2 posts tagged "Adeline Adeline"
Seems to us it’s a golden age of girls on bikes. Stylish ladies from Catherine Baba and Sally Singer down to everyday girls on the street (at least if the street-style photogs are to be believed) are zipping around—in skirts and heels, naturally—on their single speeds. Now Kate Spade New York is getting in on the action. The label has collaborated with Tribeca bicycle boutique Adeline Adeline on a limited-edition model, hand-crafted in Italy by Abici, with a signature Kate Spade New York grass green frame and a Brooks leather saddle ($1,100). “It’s about being able to just get on your bike and go,” Adeline Adeline owner Julie Hirschfeld said of its no-nonsense appeal at the launch party last night. “It doesn’t have to be overly geared out or complicated.”
Hirschfeld founded her shop to finally offer women chic accessories for their bikes, and here, too, Spade was ready to help. The label updated two of its classic handbags with cycle-friendly features: The Essex Scout satchel now has clips for handle bars, and the Bay Street Quinn tote gets hooks to attach to a rear bike rack. Alas, a solution to the ugly helmet problem has yet to be discovered.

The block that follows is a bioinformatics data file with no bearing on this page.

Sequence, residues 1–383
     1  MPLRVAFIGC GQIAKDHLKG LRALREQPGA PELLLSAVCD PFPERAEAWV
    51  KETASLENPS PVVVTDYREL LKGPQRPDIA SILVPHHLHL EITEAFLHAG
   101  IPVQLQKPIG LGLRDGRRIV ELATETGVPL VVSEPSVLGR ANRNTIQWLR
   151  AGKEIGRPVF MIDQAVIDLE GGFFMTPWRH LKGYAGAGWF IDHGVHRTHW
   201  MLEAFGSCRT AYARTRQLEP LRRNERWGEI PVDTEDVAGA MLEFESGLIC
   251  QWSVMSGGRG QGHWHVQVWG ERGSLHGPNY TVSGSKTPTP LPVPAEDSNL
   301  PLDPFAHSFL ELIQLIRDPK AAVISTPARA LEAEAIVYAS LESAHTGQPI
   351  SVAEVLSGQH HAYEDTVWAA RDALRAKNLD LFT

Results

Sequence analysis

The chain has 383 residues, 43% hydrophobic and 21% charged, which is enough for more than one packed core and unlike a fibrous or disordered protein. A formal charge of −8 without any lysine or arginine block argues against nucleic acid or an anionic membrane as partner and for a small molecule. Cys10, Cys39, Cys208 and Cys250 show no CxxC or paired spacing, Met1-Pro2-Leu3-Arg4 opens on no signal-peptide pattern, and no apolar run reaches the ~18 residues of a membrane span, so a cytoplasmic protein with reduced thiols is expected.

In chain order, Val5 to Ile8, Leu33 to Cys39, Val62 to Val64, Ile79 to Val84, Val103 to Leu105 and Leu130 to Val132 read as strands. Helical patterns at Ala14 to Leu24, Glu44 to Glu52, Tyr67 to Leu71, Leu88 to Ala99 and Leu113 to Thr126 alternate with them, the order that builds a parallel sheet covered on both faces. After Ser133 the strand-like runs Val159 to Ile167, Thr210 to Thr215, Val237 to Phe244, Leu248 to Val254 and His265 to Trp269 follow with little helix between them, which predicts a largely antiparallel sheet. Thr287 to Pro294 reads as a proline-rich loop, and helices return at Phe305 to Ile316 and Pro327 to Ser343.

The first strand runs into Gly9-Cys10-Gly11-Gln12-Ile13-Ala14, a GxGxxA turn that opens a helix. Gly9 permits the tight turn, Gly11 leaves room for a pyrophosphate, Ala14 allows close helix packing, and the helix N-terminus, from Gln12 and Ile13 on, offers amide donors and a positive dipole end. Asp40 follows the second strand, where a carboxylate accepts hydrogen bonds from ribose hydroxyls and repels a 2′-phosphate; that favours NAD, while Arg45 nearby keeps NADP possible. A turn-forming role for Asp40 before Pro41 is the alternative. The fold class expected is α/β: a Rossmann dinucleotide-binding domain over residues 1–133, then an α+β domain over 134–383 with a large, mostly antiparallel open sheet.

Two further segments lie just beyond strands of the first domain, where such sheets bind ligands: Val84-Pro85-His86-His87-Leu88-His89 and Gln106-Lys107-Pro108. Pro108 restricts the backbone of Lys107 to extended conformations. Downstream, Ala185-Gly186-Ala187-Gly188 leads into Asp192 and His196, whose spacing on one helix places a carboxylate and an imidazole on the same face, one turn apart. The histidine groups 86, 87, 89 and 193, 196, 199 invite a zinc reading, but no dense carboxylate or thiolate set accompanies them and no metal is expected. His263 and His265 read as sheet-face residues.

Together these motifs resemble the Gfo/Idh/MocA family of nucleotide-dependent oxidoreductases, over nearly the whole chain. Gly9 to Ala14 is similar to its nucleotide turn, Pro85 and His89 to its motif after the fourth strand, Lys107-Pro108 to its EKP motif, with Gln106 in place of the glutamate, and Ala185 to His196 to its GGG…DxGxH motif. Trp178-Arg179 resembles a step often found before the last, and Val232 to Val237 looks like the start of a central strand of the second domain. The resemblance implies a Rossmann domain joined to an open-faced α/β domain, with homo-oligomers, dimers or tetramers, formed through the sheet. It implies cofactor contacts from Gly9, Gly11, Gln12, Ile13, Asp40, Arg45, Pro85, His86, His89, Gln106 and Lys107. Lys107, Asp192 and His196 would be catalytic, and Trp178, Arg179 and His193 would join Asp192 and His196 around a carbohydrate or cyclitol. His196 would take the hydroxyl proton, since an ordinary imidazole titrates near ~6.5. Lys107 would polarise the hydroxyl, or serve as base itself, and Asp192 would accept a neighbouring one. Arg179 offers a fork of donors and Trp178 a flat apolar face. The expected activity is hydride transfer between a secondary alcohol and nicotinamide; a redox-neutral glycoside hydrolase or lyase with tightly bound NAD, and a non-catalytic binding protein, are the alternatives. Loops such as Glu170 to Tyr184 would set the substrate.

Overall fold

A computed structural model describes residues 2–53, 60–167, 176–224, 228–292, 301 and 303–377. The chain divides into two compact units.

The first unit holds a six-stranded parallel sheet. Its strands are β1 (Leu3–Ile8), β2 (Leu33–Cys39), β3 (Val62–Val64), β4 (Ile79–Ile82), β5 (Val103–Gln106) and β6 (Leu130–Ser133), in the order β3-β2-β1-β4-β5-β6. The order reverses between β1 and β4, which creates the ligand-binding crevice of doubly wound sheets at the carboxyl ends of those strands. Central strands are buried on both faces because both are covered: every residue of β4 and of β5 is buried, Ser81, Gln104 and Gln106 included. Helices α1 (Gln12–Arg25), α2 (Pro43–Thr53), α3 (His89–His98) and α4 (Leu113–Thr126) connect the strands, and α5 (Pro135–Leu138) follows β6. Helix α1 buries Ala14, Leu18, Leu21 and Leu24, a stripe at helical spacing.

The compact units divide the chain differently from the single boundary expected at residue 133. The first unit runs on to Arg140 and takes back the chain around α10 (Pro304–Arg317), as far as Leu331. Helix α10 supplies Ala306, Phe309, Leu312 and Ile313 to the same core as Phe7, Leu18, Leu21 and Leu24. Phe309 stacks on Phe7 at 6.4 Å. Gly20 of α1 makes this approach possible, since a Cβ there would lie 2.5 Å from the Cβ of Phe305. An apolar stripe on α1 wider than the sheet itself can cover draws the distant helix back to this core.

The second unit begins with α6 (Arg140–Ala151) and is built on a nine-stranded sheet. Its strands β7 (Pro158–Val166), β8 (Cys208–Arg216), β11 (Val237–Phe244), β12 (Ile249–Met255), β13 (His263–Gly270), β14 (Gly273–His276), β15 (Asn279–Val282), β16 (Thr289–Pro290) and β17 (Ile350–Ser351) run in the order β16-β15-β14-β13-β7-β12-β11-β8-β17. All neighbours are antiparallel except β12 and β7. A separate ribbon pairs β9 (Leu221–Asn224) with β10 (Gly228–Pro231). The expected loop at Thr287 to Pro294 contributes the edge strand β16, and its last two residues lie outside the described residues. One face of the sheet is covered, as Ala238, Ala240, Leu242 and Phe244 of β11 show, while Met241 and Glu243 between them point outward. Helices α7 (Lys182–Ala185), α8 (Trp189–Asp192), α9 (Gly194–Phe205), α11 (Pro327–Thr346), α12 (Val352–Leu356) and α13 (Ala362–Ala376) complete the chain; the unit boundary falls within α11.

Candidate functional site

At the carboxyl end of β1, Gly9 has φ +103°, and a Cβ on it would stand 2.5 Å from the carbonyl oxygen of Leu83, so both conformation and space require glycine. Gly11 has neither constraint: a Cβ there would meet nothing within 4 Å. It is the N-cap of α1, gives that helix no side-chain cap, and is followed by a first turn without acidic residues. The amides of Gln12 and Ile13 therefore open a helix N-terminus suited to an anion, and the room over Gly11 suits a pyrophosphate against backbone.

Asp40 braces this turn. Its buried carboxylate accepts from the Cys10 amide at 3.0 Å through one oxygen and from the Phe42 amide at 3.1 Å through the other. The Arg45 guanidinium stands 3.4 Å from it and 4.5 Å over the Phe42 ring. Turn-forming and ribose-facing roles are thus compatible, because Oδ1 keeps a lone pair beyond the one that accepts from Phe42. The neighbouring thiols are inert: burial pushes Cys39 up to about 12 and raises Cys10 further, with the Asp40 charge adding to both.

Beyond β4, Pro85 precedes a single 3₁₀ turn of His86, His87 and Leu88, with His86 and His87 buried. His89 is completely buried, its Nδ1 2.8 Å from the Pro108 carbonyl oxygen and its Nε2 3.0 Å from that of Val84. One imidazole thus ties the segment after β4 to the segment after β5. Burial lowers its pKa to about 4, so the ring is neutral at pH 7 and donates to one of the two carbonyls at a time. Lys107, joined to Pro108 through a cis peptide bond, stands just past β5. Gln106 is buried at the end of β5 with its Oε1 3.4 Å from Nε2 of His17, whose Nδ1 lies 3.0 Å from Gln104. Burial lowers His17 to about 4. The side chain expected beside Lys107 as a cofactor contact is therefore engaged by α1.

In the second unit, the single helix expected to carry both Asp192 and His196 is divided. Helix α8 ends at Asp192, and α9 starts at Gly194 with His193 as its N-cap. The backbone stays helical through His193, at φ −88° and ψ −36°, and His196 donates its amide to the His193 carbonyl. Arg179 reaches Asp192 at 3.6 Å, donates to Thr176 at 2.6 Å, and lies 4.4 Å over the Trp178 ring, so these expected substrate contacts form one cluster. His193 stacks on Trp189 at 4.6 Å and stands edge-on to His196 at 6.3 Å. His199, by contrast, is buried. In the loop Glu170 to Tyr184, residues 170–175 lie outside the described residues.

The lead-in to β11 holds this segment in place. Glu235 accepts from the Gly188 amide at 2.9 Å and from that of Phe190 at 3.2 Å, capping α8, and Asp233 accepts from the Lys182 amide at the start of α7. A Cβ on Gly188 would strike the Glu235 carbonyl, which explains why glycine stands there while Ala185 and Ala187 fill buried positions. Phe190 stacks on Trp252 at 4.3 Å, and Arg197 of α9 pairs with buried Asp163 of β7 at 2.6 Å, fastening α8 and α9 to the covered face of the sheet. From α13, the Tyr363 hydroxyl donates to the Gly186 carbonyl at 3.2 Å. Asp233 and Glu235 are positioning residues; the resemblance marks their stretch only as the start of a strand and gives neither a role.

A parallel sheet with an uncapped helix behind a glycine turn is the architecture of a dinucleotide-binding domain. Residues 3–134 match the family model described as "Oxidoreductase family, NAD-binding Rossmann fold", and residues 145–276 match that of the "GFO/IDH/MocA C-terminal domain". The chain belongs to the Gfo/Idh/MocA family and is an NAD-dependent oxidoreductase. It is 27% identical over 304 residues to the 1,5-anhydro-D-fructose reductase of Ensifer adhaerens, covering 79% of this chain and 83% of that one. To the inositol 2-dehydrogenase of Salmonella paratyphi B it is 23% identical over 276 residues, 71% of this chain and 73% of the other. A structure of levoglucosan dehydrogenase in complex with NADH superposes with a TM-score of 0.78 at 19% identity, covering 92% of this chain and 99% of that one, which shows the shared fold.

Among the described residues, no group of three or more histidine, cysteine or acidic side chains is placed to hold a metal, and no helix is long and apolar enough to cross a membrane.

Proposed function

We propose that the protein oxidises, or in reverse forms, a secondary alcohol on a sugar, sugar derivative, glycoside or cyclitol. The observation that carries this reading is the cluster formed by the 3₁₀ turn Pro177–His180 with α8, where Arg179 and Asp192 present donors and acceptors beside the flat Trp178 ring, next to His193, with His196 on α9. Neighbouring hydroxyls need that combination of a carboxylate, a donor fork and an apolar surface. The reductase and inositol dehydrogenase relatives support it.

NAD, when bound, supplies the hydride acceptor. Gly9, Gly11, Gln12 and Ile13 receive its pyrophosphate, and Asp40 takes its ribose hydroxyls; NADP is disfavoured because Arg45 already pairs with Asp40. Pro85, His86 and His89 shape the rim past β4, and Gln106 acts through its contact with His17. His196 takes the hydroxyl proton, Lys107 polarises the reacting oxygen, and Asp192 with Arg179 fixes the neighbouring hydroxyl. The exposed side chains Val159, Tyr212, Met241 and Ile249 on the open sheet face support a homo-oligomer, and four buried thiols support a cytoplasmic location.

“Living room worthy” is how graphic designer Julie Hirschfeld describes the bikes she carries in Adeline Adeline, her two-wheel boutique. With a designer’s eye for aesthetics (and an urban commuter’s need for a bike simple enough for streets-and-sidewalks navigation), she’s stocked her shop with the best city bikes the world has to offer—which means plenty of stylish options from England, Germany, Holland, Italy, and, representing the lone U.S. option, Venice, CA. A city bike “is simple—it’s kind of like a vintage Schwinn,” Hirschfeld says. Her stock ranges from affordable (the Californian Linus bikes, starting at $380) to investment-quality (the $2,000 Biomega, engineered by an industrial designer), any of which can be taken for a test spin around the neighborhood. In between, there’s a range of options, including our favorite, the sleek Italian Abici (the one Hirschfeld herself reaches for most often). Adeline Adeline will also carry accessories, from bells to exclusive bags (one, we hear, designed by a certain avant-garde New York design collective). And while Hirschfeld originally conceived of the store as being specifically for women—NYC’s first ladies-only gear shop—she’s already had enough demand from guys to cater to them, too. Everyone can appreciate a stylish bike, it turns out—including Stylesightings‘ Pete Miszuk and stylist (and Style.com contributor) Julie Ragolia, who’ll host the opening bash later this month.